We celebrated my birthday with a quick trip to Orcas Island, midway between northwestern Washington and Canada’s Vancouver Island.
Orcas Island is lushly green, blessed with beautiful views of the Salish Sea as well as rolling valleys, forested hills and mountains.
It’s a magnet for hikers and bikers — but not a place to visit if you’re addicted to always-on smartphone access or texting. Cellular coverage is spotty, at best.
We stayed at The Inn at Orcas Island in Deer Harbor, at the southwestern corner of Orcas Island.
The inn is an upscale B&B, much like a European boutique hotel. Its setting is glorious, perfect for sunset watching or canoeing the tidal inlet that leads to Deer Harbor. The innkeeper is very welcoming, and makes guests feel quickly at home.
Deer Harbor is a favored destination for boaters and hikers — people who want to avoid the tourist congestion in Eastsound. The islanders who live there consider it to be very remote (a 20-minute drive from Eastsound).
We had hoped to bring kayaks and/or our tandem bike, but were discouraged by a rainy weather forecast. (Luckily, the rain storm arrived a day late.) The weather would have been perfect for either kayaking or biking.
Hiking Along the Shore
Instead we spent the morning on a 6-mile hike, basking in the unexpected June sunshine, and working out kinks from the long drive. Our walk took us to the end of the road, along the shoreline. The public path featured harbor views, long vistas overlooking the Salish Sea — and blooming trees and gardens everywhere.
Along the way we strolled through a tidal preserve at low tide. Multiple types of seaweed, algae and tidal pool creatures were on display. My husband, a former biologist, could have spent hours examining that beach…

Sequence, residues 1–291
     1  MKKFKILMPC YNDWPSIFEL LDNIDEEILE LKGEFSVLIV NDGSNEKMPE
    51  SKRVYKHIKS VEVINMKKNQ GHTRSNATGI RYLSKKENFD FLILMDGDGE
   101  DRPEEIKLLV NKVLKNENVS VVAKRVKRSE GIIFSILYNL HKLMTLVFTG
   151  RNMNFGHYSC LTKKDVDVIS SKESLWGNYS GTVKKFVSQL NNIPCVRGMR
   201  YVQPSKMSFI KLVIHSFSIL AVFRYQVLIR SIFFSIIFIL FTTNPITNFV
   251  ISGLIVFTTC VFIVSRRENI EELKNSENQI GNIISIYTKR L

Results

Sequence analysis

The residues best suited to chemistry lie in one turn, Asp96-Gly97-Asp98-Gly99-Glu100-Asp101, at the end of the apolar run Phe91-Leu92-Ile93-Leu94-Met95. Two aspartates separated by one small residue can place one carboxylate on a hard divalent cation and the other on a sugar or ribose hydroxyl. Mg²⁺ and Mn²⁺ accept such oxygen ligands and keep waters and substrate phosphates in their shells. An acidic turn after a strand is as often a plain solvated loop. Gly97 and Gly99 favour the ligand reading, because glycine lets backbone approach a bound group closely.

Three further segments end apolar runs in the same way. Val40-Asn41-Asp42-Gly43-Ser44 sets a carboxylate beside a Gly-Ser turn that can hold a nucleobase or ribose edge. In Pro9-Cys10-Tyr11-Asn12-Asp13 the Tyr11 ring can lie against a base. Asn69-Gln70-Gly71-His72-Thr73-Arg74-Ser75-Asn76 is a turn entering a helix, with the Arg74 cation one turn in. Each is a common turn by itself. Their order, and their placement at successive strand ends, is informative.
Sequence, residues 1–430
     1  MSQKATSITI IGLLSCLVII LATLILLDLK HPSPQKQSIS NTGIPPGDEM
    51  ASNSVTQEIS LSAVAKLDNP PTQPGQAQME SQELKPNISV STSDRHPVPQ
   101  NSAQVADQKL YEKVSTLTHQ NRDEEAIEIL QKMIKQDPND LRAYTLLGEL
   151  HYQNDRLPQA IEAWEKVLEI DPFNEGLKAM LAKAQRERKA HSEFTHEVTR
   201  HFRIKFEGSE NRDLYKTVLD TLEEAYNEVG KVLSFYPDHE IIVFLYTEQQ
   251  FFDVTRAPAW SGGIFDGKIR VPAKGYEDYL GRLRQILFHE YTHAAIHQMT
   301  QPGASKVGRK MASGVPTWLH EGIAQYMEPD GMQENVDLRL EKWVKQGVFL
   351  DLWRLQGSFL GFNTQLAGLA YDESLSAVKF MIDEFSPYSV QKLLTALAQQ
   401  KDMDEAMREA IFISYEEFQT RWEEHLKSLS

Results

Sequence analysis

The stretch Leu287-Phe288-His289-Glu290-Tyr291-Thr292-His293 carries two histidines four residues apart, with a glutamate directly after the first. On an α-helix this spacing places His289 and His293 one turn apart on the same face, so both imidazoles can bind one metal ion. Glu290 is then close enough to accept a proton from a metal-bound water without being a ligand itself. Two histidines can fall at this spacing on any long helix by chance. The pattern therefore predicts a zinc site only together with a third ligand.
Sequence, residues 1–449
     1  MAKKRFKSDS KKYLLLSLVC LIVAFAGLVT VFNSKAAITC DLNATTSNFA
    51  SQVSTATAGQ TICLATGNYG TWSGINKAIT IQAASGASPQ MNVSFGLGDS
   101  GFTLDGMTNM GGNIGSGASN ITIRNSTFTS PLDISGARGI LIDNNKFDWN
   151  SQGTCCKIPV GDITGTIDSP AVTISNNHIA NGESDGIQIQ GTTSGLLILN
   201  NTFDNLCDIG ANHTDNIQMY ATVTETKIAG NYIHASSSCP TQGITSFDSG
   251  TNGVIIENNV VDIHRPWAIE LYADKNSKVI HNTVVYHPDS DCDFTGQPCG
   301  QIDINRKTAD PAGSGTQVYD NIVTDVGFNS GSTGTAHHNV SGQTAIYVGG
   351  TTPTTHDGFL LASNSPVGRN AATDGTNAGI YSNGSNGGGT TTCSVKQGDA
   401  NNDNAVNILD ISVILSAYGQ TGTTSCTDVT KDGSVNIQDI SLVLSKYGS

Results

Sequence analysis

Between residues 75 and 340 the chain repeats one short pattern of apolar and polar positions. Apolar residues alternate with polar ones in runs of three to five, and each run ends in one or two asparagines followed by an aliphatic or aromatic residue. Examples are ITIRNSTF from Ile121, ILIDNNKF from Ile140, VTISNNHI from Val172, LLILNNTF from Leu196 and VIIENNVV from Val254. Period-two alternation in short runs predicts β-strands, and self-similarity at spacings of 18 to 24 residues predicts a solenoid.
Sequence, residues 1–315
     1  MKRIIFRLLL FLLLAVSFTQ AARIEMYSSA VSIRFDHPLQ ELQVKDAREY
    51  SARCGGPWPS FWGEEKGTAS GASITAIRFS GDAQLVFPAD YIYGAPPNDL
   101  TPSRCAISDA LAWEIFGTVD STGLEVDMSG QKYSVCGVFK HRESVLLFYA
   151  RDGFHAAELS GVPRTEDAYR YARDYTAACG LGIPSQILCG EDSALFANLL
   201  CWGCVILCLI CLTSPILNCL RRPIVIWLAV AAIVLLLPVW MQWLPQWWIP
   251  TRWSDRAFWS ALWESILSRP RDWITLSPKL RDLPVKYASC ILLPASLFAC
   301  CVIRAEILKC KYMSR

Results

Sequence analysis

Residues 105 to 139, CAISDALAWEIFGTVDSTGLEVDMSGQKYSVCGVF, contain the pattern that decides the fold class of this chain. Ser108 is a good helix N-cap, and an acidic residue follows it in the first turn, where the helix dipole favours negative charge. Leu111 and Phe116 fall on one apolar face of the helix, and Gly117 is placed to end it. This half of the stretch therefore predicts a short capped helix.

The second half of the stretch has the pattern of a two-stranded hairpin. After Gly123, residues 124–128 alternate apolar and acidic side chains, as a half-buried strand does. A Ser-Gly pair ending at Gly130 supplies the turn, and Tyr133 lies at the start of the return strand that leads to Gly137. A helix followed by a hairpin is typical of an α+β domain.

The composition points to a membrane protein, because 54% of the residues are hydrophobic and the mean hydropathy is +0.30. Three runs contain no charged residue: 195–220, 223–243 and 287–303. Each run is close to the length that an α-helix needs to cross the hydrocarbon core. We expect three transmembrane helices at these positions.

Extensive logging throughout Cascadia means it’s easy to spot magnificent examples of driftwood along the water’s edge. Atlantic driftwood seems puny when compared to these Western giants.
Much of Orcas Island is rural, home to small family farmers and crafts people. As a result the Saturday morning farmers’ market abounds with handicrafts, artisanal cheeses, fresh produce, local fish, meat and dairy products.
At the farmers’ market we discovered and fell in love with Monastery Cheese from nearby Shaw Island, a raw cow’s milk cheese with a flavor/aroma profile reminiscent of French cheese. This cheese is made in tiny batches by an order of Benedictine nuns who live in the Our Lady of the Rock community.
Eastsound restaurant owners pride themselves on buying from local farmers, foragers and fishermen — their source of ultra-fresh, farm-to-table goodies and shellfish.
We had planned to explore several restaurants, but found our innkeeper’s breakfast to be so bountiful that it was easy to skip lunch. On Thursday night we enjoyed a spectacular dinner at Sazio di Notte, an Italian eatery in Eastsound — one we highly recommend. The chef waited on us personally, and explained the provenance of all the key ingredients and his inspiration for each preparation.
On Friday night we were invited to dine at a friend’s nearby home. We feasted on wild salmon he had caught the day before, as well as fresh greens and peas picked shortly before dinner. Happily, we had brought along a bottle of Avennia’s sauvignon blanc to complement the meal.
Home to Artists and Craftsmen
We recovered from our hike with tours of local art studios and pottery shops, before heading back to the inn for showers and dinner.
We fell in love with Orcas Island Pottery, a seaside studio that features a truly spectacular setting for displaying handmade pottery. Many of the wares are displayed outdoors in the gardens, grouped by color, artist or style. On a sunny day the ocean view must distract the shoppers…
My husband had a fun time shopping there, choosing a set of serving bowls for my birthday gift. We put them to good use when we got home, filling them with super ripe strawberries and cherries from a roadside stand in Anacortes.
Orcas has become a popular getaway destination, so ferry lines can be long. If you miss the ferry, you could wait several hours.
We misread the ferry schedule, and found ourselves with 3 unexpected hours to spend in Anacortes. Luckily, we stumbled upon a fabulous spot for lunch, the A’Town Bistro, located in the historic section of Anacortes. Like the Orcas Island restaurants this bistro prides itself on local farm-to-table ingredients and hand-crafted beers and ales.
Plan on at least 5 hours to get to Orcas Island from the Seattle area (driving + ferry + wait times). For weekend commuters with plenty of money, flying to Orcas is a faster alternative.
No matter how you get to Orcas, it’s well worth the trip for foodies, weekend athletes or boaters. Or people who just want to relax at an island inn, or hang out in the charming shops and cafes in Eastsound.
We can’t wait to return to Orcas.